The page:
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Differences between US blunders and Pak empathy made in the Taliban game

WebdeskAug 18, 2021, 10:05 AM IST

Differences between US blunders and Pak empathy made in the Taliban game

                                                                                                                                                                          Nirendra Dev


Many in the Bush administration were happy to launch a war against Iraq and Afghanistan after Osama bin Laden had given them the window of opportunity.


New Delhi: Of course, looking back, it could be easy to find fault in Pakistan for extending all sorts of logistic and moral support and healing touch to the Taliban, but it also goes without saying that the Americans ought to look inwards for ignoring such warnings.


Moreover, many in the Bush administration were happy to launch a war against Iraq and Afghanistan after Osama bin Laden had given them the window of opportunity.


It was reported at later stages by various US military experts and retired officers that the fact that the Taliban always had a place to 'go back' to put them outside the reach of NATO airstrikes and get a 'healing touch' in Pakistan has in the ultimate proved a crucial turning point in the battle against terrorism.


These views are endorsed by Indian experts and former soldiers, too.


"By going deep inside Pakistan and being able to stay with their families and enjoy other hospitality for months showed the Taliban had a place to hide and recover from injuries and adversaries. These have proved game-changers in a real sense," said one of them in the knowledge of things.  ”




One Indian official says that if Osama bin Laden's intention to attack Twin Towers was to precipitate a confrontation between the West and the Islamic world, the "launching" of these wars in Iraq and Afghanistan by Americans kept the confrontation alive.


"Robin Cook, a former British Minister resigned from the cabinet of Tony Blair on March 17, 2003, in protest that he could not be part of a war based on false prospectus. If today, the US got a bad taste of handling things badly, they have to blame some of their bad decisions," he says.


Others say the US was arrogant and 'overconfident' initially, little realising that while they had weapons and economic support, the Taliban as a fighting force and other regional chieftains were 'warlords'.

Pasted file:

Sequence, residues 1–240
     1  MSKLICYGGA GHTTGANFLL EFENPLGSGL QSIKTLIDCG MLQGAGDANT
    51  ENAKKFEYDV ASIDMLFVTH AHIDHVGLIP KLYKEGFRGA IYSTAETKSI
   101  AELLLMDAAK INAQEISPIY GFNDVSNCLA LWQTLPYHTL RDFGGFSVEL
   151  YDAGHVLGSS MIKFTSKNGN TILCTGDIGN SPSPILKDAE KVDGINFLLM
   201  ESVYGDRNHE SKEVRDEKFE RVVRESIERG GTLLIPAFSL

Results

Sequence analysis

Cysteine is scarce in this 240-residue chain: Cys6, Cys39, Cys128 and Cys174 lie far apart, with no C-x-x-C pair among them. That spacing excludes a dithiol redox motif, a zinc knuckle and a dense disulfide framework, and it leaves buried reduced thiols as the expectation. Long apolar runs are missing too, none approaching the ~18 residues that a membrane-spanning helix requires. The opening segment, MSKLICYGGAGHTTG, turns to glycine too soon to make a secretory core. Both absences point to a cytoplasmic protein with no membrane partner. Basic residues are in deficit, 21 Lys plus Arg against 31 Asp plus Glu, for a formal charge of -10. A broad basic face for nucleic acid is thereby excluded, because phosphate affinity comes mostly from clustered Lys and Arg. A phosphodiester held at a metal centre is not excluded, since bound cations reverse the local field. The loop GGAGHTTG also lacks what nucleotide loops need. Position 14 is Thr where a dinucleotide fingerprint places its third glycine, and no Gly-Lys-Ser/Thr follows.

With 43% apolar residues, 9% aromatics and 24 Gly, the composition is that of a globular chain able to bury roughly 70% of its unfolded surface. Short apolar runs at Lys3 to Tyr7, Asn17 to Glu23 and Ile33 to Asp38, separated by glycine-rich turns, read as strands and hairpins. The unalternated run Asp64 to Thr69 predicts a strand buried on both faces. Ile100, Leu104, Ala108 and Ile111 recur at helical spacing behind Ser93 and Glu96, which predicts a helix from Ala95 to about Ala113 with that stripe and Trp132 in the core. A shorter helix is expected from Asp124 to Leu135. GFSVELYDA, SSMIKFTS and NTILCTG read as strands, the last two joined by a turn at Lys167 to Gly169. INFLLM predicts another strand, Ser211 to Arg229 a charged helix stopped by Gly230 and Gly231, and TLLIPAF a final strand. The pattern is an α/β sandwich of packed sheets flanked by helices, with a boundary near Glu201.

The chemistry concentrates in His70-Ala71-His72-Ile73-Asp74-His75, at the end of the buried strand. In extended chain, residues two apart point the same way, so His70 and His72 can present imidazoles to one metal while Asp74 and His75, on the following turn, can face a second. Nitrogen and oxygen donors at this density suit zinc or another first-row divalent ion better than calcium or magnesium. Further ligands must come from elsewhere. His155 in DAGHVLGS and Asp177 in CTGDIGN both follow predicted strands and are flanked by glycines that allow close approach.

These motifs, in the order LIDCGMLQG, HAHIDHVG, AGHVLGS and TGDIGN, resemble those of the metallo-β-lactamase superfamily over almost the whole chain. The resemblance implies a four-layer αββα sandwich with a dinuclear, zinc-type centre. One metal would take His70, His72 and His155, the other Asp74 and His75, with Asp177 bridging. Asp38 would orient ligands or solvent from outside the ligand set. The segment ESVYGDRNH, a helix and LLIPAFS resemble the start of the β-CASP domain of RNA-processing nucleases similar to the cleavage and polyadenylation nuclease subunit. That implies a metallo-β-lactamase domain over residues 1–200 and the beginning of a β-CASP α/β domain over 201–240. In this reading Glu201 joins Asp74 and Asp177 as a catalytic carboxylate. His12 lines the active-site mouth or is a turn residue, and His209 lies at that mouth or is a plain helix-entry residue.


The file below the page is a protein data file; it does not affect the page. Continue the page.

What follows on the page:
Fighting has been an in-thing among Afghan young men. So when the Bush administration and even Barack Obama initially opposed the idea of building a 'professional' Afghan army, it was clear that an erroneous policy had been adopted.


The military strategy seemed to have been drawn out on the assumption that military prowess would prevail and that after Al-Qaeda, the Taliban would be weak. At the same time, America could justify all actions claiming that they were still a threat.


The confrontation between US-led West and Taliban-Al Qaeda were also seen as 'civilisational war'- Jihad.


Like any self-respecting nation, Afghanistan, too, did not entertain the idea of seeing foreigners 'dominating' on their soil. This attitude sharpened a little bit worse when two sides are not from the same religion.


So, the Taliban campaign that the government of Ashraf Ghani was a government of 'puppets' had overwhelming acceptance even among those Afghan civilians who did not approve of the Taliban.


Some problems the Americans and NATO forces faced were peculiar and typical to Afghanistan and the society.


Many natives were antagonised in the Taliban's rural strongholds because of the US-inspired administration and authorities who rely heavily on opium poppy cultivation to survive. The US had pushed for drug 'eradication' programmes. This did not go down well with vested interests and powerful lobbies.  




There was yet another technical fault line as the Americans promoted a powerful federal government in Kabul, but Afghanistan is a country where, for centuries, the tribes enjoyed local autonomy.


Moreover, there were strategic lapses and more with the timing.


The move to invade Iraq diverted attention. Instead of working to secure Afghanistan against a resurgence of the Taliban, the Bush administration had diverted its military resources, time, and personnel to prove that Saddam Hussein's authoritarian government had illicit weapons of mass destruction.


"The United States did become distracted by the war in Iraq for several years," said Lisa Curtis, a former CIA analyst.


In the ultimate, as Taliban men hoist their white flags and even the US embassy was shut down, one can go back to what Robin Cook told the British parliament in 2003: "History will be astonished at the diplomatic miscalculations that led so quickly to the disintegration of that powerful coalition".




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